It was amazing.
Now, did you make this over a stove?
I made it in the field.
Yep. If I'm taking something small like a squirrel, I'm not going to bother taking it home. Which, by the way, the reason squirrel meat is so incredibly tender and delicious is because they feed almost entirely on nuts. They're so succulent and they have all these omega-3 fatty acids that our bodies crave.
I'm kind of salivating.
Deer and squirrel are incredibly healthy. As soon as I catch something, I drop down and make a traditional fire -- no matches -- I make a little skewer, put the squirrel on it, open him up. I'll find some herbs: maybe a little yellow sorrel and sassafras spears. I wrap the squirrel meat around the herbs, and cook him slowly over the fire. While it's cooking I'll crush some walnuts into a powder, and then sprinkle those over the glaze of my squirrel, which gives it a nice crust. It's just ridiculously delicious.
Is there anything that you bring into the woods with you, like a cast-iron pan?
The only utensil I need is a large knife. It's handy for defense, but I can also make a cabin and build a bow and arrow, and split logs with it. You can do a multitude of things with a knife. I do tend to bring another smaller knife, like a paring knife. This is for doing delicate skinning and butchering work.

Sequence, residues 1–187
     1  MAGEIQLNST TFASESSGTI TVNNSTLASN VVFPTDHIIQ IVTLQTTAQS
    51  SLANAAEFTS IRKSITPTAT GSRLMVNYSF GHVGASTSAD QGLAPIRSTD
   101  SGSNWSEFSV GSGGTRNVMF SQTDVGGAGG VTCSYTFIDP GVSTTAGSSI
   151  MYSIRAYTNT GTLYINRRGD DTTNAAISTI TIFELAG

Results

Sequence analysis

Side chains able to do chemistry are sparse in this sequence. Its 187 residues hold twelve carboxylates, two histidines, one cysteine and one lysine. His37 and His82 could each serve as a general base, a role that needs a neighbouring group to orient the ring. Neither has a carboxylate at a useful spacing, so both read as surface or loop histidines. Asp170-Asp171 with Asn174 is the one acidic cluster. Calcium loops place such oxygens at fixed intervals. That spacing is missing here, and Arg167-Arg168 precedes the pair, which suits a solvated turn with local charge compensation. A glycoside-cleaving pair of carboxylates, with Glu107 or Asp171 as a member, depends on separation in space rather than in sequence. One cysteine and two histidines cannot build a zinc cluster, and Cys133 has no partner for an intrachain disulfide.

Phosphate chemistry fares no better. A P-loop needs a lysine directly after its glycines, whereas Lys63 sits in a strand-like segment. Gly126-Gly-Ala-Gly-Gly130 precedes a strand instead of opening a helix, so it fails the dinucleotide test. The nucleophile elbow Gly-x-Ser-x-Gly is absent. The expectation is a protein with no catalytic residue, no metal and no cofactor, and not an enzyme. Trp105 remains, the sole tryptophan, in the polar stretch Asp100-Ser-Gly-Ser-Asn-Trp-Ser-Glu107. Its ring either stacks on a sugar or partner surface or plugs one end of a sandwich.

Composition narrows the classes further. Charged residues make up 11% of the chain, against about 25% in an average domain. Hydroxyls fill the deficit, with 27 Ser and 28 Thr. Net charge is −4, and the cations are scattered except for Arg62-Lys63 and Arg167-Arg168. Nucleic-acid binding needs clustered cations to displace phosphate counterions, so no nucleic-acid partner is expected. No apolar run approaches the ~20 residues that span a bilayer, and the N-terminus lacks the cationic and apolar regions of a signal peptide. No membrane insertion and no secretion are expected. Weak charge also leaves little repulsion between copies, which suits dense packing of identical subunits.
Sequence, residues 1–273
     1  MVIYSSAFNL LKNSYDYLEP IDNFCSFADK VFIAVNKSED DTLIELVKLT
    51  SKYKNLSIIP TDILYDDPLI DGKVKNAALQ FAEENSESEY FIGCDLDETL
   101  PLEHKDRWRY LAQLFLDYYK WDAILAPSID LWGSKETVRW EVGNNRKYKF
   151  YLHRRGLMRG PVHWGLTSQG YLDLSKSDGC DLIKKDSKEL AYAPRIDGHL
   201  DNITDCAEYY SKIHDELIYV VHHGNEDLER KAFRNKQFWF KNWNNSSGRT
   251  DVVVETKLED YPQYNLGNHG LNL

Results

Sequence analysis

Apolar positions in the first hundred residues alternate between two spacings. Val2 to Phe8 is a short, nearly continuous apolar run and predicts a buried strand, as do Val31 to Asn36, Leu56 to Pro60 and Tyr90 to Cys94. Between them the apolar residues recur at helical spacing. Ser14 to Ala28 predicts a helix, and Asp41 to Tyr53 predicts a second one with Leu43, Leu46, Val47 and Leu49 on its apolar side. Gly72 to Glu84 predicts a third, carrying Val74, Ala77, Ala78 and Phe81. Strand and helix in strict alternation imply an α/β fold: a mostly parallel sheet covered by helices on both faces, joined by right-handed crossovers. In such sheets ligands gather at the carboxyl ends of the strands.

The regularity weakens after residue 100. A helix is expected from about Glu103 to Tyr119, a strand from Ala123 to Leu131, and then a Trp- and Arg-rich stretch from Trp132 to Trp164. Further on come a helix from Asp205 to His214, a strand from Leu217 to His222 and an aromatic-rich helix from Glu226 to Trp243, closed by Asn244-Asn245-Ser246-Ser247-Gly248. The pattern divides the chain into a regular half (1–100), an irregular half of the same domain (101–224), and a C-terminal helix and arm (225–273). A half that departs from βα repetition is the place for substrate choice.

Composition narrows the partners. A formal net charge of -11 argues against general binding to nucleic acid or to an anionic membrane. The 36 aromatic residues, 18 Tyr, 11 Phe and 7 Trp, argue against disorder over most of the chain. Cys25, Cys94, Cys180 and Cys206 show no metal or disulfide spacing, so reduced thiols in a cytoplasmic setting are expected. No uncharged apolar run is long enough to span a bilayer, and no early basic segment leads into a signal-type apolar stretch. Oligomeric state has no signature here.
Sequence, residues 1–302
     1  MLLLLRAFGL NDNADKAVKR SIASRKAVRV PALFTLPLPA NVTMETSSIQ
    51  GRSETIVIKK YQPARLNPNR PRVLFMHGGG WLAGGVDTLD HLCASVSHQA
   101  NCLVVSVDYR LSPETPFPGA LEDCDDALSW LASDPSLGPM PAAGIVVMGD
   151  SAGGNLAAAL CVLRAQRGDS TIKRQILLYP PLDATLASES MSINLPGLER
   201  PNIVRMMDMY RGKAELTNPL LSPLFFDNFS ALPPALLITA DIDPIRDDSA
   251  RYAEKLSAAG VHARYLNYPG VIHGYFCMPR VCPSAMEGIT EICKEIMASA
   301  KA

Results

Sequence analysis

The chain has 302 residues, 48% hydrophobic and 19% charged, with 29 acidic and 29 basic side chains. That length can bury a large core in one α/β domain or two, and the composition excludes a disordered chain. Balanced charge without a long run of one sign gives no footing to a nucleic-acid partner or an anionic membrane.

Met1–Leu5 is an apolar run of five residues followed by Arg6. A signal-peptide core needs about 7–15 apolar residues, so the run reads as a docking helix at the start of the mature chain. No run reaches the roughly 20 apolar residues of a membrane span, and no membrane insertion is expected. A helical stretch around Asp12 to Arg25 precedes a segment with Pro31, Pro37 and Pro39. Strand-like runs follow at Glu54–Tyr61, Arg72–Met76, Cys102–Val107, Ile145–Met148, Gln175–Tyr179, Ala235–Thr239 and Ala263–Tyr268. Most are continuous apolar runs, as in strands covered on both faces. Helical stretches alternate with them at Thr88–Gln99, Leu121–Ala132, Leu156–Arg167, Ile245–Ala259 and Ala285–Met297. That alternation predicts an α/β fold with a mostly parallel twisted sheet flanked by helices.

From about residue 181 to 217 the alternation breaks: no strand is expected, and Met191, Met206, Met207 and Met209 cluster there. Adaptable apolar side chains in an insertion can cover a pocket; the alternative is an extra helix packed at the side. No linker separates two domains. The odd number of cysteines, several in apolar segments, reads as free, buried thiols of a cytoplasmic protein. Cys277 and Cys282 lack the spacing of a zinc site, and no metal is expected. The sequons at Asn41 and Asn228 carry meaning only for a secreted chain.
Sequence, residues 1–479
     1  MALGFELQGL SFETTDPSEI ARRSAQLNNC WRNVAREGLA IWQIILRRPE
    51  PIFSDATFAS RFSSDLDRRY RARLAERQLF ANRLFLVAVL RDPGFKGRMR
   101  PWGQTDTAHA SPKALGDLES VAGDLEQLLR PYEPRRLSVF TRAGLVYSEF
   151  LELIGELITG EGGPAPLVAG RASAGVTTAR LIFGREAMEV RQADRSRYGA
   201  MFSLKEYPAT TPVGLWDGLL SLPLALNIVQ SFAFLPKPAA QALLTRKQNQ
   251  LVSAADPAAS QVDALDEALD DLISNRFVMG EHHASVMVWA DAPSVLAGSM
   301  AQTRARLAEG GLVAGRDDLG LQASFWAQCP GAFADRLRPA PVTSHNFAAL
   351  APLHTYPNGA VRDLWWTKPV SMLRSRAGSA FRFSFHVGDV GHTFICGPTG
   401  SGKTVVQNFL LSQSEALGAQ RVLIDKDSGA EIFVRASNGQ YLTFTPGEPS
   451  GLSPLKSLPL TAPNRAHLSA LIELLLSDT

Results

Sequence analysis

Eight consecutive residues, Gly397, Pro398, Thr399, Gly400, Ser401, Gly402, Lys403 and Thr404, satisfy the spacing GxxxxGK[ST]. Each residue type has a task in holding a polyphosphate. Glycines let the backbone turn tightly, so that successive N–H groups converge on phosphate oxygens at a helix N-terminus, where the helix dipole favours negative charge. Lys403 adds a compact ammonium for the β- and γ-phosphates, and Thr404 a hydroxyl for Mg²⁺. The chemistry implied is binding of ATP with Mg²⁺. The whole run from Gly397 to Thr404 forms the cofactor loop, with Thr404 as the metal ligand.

In terms of carrying skillets, that's just additional weight. What we do is teach people to use native food methods so you don't need those things. The one that's still around, and that's probably the quintessential ideal for cooking is the steam pit. Steam pits have been around for 50,000 years. The technology is amazing. Steam pits are like Mother Earth's idea of a crock pot: you can never overcook the food.
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Do they take a long time to build?
Well, this is the thing about survival. If the zombies are right behind you, you need to move quickly. You can only grab the things that don't require deep cooking or preparation. There are certain edible plants that you can just grab and go: nuts and berries, some plants. But some you have to steam, or cook, or leach.
Right! I've read this about acorns.
Exactly. You have to leach the tannins. That's a good example. Let's say that you've gotten far enough away from the zombies that you can take some time, then acorns are fantastic. You leach them using cold water (that's always healthier). Shuck them, put the meat in a pot. Pour cold water in it, and then you make tea. That brown tea can be saved for later use, by the way. Once the water runs clear, dry the nuts out on a rock, and then you can eat them on the go.